little buying power, with nothing. Anatoly Chubais, then Minister of Privatization, describes the procedure: “The result of spontaneous privatization, in reality was theft of the state property by the factory managers, but it was not illegal, because there was no legal basis for transfer of property into private hands.”40 When President Yeltsin established the new Russian Federation, a new fervor began to take hold. The business environment underwent serious fluctuation during the 1990s, quickly culminating in the financial crash of 1994. By 1995, President Yeltsin proved a weak leader, yet enjoyed the support of the new business class. In 1996, he won the presidency for the second time with the help of Boris Berezovsky. Berezovsky, himself an oligarch, bankrolled Yeltsin’s campaign. As a reward, he was rewarded with several important political appointments.41 Other oligarchs, like Vladimir Gusinsky, began media companies with profits acquired from the continued privatization of former Soviet, now Russian, enterprises. The rich enjoyed real power, but by the beginning of Vladimir Putin’s tenure as president, both individuals would be either in prison on embezzlement charges or in self-­imposed exile. Consequently, Russia transformed almost overnight, between the reign of these two presidents, into a state where the rich dominate the political and business culture to where one man, Putin, dominated all landscapes. As Dmitri Trenin of the Carnegie Moscow Center described: “Private and corporate interests are behind most of Moscow’s major policy decisions, as Russia is ruled by people who largely own it…the government has been turned into Russia Inc., with top Kremlin staffers and senior ministers sitting on the boards of various state-owned corporations and taking an active interest in their progress and profits.”42 Wealth was so concentrated that by 2000, 22 Russian businesses controlled 40% of the Russian economy.43 Many wealthy individuals began to seek public service. It was now that Putin would launch a very aggressive campaign to control the burgeoning power of this new elite; Russia itself would no longer be controlled by an oligarchy, but by one strong person; and corruption would be an essential tool to keep the rich in line. The power of the oligarchs in Russia continues to be significant. However, since Putin’s regime, much of their power has been effectively contained—now from two sides, an internal force from Putin and an external force from the US. As said, critics of Putin’s regime, for example, Boris Berezovsky and Vladimir Gusinsky, have been altogether eliminated, both in exile for their opposing views. The oligarch, ultimately, can be compared as a duke or a lord in Putin’s kingdom. The US has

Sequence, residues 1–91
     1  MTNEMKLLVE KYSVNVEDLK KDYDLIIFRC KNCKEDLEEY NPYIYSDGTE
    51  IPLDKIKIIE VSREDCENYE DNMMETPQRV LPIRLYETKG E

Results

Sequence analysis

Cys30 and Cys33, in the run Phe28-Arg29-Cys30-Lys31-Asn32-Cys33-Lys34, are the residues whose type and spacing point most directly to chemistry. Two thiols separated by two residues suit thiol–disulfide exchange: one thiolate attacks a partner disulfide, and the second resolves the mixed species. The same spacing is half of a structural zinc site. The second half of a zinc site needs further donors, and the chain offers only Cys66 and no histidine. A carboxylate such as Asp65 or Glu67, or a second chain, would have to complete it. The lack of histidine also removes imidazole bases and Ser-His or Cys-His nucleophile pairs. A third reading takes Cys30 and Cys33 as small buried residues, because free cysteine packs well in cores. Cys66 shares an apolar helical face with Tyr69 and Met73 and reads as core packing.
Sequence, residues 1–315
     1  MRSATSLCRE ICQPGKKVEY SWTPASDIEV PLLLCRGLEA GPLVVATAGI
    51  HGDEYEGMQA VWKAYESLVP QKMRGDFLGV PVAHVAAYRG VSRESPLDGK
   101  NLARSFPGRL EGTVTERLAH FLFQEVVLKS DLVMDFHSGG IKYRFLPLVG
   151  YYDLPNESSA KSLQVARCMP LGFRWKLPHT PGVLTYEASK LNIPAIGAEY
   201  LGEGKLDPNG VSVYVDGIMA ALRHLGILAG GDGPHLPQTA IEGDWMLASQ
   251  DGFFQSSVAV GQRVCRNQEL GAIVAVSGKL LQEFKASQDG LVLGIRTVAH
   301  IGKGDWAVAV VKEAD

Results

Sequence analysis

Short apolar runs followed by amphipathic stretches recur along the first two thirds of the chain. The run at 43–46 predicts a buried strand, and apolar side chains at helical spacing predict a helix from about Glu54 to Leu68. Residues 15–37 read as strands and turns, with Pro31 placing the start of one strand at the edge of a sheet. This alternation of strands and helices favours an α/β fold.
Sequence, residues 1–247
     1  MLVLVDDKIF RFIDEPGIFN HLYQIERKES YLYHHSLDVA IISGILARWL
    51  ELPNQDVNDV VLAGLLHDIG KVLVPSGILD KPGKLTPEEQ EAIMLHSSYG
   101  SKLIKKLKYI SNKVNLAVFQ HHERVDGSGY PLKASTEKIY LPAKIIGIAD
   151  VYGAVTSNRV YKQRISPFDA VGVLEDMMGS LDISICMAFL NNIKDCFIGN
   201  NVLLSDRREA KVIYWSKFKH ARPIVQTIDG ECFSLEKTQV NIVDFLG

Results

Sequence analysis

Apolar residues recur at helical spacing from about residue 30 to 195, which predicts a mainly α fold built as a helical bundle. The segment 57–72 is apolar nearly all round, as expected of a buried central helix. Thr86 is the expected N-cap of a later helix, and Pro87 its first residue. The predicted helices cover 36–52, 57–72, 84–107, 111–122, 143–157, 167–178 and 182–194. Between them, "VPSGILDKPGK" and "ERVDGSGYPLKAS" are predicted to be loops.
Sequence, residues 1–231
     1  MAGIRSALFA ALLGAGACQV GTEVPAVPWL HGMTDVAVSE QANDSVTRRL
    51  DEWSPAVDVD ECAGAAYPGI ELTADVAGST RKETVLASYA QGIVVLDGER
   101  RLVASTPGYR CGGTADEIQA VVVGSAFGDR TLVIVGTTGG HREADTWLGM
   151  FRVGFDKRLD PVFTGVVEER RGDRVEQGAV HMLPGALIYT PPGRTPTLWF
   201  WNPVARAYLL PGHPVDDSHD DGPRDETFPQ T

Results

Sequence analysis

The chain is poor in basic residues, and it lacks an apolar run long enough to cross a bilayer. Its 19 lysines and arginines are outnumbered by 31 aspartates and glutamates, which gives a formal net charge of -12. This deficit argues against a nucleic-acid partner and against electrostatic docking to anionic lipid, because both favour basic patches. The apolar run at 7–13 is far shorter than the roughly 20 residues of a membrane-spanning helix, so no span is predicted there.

increased its efforts to weaken Russia. The clampdown was brought on in part by the sanctions placed upon certain people and industries following the invasion of Ukraine and the annexation of the Crimean Peninsula.44 On December 21, 2017, Putin held a conference at the Kremlin where all the major oligarchs met to assure their loyalty prior to the election that was held in early 2018. Interestingly, these meetings are held once a year, but in the case of 2017, three were already held. This is due to a number of international arrests and accusations. Four notable oligarchs for corruption and money laundering show the levels of corruption. According to Al Jazeera: On December 13, the premises of the Dutch subsidiary of Russian Alfa Bank were searched and its assets frozen; the bank is owned by Michael Fridman, Pyotr Aven, Alexey Kuzmichev and German Kahn (combined net worth of $35.6bn). On December 13, as well, a Daily Beast investigation revealed that Mikhail Prokhorov (net worth of $8.9bn) had 23 accounts in the Cyprus branch of the now closed FBME bank. The bank lost its license and the accounts of its clients were frozen after the US accused it of facilitating money laundering. Gennady Timchenko (net worth of $16bn), a close friend of Putin’s, and his company, Novatek, are still under US sanctions. Russia’s richest man, Leonid Mikhelson (net worth of $18.4bn), who is also Timchenko’s partner and co-owner of Novatek, is threatened with sanctions. Russia’s largest private oil company, Lukoil, owned by Vagit Alekperov (net worth of $14.5bn) and Leonid Fedun (net worth of $6.3bn), is also still on the sanctions list. There are other Russian oligarchs who might get slapped with sanctions, including Dmitry Rybolovlev (net worth of $7.3bn) and Viktor Vekselberg (net worth of $12.4bn).45